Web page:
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What is the LHAIC?

Archaeological dig

About Us

The Loess Hills Archaeological Interpretive Center is a 501-c-3, not for profit corporation governed by an 11 member Board of Directors. The name implies an existing center. However, we are in planning and fund raising stages and hope to break ground in May 2018. This Board of Directors is guided by operational policies and procedures, by-laws and code of ethics policies. All board members are volunteers contributing vast amounts of time and talents to the LHAIC project. The board is supported by special advisors with talents in particular areas of the project needs.

Overview of our Interpretive Center project

The Loess Hills along western Iowa’s Missouri River margin formed in the wake of North America’s last major glacial epoch and constitute a natural region unique in the world, with a 13,000-year record of human occupation and history. This area preserves the remnants of a pre-European culture known as the Nebraska phase of the Central Plains tradition, or more commonly, the Glenwood Culture. Seven centuries ago, indigenous people in this region lived in earth and timber lodges connected spiritually, economically, and emotionally to a natural landscape others have since occupied. Their traces remain below the surface and speak to us through modern techniques of archaeology and the living voices of their descendant communities. It is not known why Nebraska phase people left the area or where they went. Most archaeologists believe that they moved westward and northward and that their likely descendants are the present-day Pawnee and Arikara peoples. A century of collaborative study has only begun to understand this remarkable history else, as Shakespeare said, “the dust on antique time would lie unswept and mountainous error be too highly heaped for truth to overseer.”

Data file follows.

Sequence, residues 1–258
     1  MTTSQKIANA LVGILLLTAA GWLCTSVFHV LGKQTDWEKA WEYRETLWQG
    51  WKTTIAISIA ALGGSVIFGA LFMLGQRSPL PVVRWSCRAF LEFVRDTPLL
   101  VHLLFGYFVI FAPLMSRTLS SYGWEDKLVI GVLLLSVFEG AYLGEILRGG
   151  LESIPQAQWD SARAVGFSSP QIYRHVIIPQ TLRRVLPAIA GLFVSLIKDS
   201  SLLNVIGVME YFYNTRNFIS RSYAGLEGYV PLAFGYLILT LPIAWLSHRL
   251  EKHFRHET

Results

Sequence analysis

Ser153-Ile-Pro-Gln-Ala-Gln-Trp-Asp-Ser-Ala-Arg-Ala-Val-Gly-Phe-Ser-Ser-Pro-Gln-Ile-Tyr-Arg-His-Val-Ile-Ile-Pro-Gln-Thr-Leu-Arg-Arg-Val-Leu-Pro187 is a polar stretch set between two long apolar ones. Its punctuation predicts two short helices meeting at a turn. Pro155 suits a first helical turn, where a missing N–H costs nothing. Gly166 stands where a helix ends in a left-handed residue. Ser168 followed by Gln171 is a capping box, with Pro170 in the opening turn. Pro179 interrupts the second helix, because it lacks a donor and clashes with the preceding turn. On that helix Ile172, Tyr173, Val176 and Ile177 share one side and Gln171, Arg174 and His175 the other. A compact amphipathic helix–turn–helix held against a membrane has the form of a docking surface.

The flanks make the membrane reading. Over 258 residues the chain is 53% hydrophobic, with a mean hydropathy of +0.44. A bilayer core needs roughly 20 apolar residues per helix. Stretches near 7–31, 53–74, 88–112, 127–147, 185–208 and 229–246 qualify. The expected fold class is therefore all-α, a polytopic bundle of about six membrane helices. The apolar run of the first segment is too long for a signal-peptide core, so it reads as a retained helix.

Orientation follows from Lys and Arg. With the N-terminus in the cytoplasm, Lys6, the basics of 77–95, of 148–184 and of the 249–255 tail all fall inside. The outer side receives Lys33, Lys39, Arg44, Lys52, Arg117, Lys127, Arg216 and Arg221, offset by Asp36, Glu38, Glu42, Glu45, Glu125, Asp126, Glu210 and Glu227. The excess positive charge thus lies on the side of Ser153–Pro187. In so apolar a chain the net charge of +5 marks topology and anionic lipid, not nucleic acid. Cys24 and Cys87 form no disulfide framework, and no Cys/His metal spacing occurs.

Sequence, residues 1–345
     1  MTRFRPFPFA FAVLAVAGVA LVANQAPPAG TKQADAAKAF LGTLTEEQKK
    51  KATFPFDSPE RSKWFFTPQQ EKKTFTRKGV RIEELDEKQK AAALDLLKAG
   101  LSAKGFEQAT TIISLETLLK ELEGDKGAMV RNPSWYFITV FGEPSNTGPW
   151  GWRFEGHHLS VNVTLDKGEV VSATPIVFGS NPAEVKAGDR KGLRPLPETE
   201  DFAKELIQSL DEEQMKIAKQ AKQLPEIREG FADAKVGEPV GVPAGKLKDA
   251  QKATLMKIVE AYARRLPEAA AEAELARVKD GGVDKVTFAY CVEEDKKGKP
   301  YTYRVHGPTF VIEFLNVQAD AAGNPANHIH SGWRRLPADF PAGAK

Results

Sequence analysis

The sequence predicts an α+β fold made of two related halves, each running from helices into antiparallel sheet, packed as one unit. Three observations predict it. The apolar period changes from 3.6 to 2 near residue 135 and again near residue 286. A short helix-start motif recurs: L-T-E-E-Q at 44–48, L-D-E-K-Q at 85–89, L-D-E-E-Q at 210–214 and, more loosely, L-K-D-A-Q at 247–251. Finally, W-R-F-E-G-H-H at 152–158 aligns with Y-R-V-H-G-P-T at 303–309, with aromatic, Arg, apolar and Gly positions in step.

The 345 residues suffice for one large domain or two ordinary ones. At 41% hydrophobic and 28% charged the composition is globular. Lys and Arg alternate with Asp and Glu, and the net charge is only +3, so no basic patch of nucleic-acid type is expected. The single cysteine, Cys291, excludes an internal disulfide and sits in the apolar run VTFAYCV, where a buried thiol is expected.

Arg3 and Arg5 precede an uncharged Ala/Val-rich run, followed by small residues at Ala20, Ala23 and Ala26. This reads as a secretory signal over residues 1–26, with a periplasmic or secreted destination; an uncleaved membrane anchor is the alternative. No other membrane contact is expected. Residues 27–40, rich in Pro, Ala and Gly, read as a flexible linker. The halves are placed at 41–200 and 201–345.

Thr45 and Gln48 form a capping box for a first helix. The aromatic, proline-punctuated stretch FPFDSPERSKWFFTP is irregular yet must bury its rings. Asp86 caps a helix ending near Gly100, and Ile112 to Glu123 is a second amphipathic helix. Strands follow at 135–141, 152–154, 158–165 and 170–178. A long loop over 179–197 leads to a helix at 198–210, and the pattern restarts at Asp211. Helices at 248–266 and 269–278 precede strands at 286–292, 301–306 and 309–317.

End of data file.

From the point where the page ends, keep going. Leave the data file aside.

The Newest Archaeological Preserve in Iowa

In October of 2009 the State of Iowa formally dedicated the Glenwood Archaeological State Preserve, its newest and largest. The Preserve’s 906 acres, formerly part of the Glenwood Resource Center, are set amid the magnificent Loess Hills just south of the city of Glenwood, Iowa and contain more than a hundred and thirty significant archaeological sites dating from that early glacial epoch until Iowa’s more recent Euro-American period. This unique and rich concentration of sites on the Preserve, especially those of the Glenwood Culture dating from between 600 to 750 years ago (A.D. 1250-1400), documents the settlement history and precontact activities of the area. Soon after the Preserve’s dedication, the Loess Hills Archaeological Interpretive Center (LHAIC) Board of Directors was established and certified as a non-profit corporation by the State of Iowa. The LHAIC’s mission is to provide an interpretive center with opportunities to learn about the archaeological, cultural and ecological resources of the Loess Hills. To accomplish its mission the Board intends to build, operate, and sustain a state-of-the-art interpretive center within the boundaries of the Glenwood Archaeological State Preserve adjacent to Foothills Park at the intersection of U.S. Highway 34 and Levi Road. In 2014 an agreement between the State Preserves Advisory Board (SPAB) and the Loess Hills Archaeological Interpretive Center (LHAIC) Board of Directors expresses the conditions allowing construction of an Interpretive Center on the Glenwood Archaeological State Preserve.  The State Preserve and the site are now protected by a thorough management plan now overseen by the Mills County Conservation Board.  Support for the Center’s construction has been assured by and with regional Native American communities.  Their Holy Men have blessed the site and the plans to construct the Center.

About the Loess Hills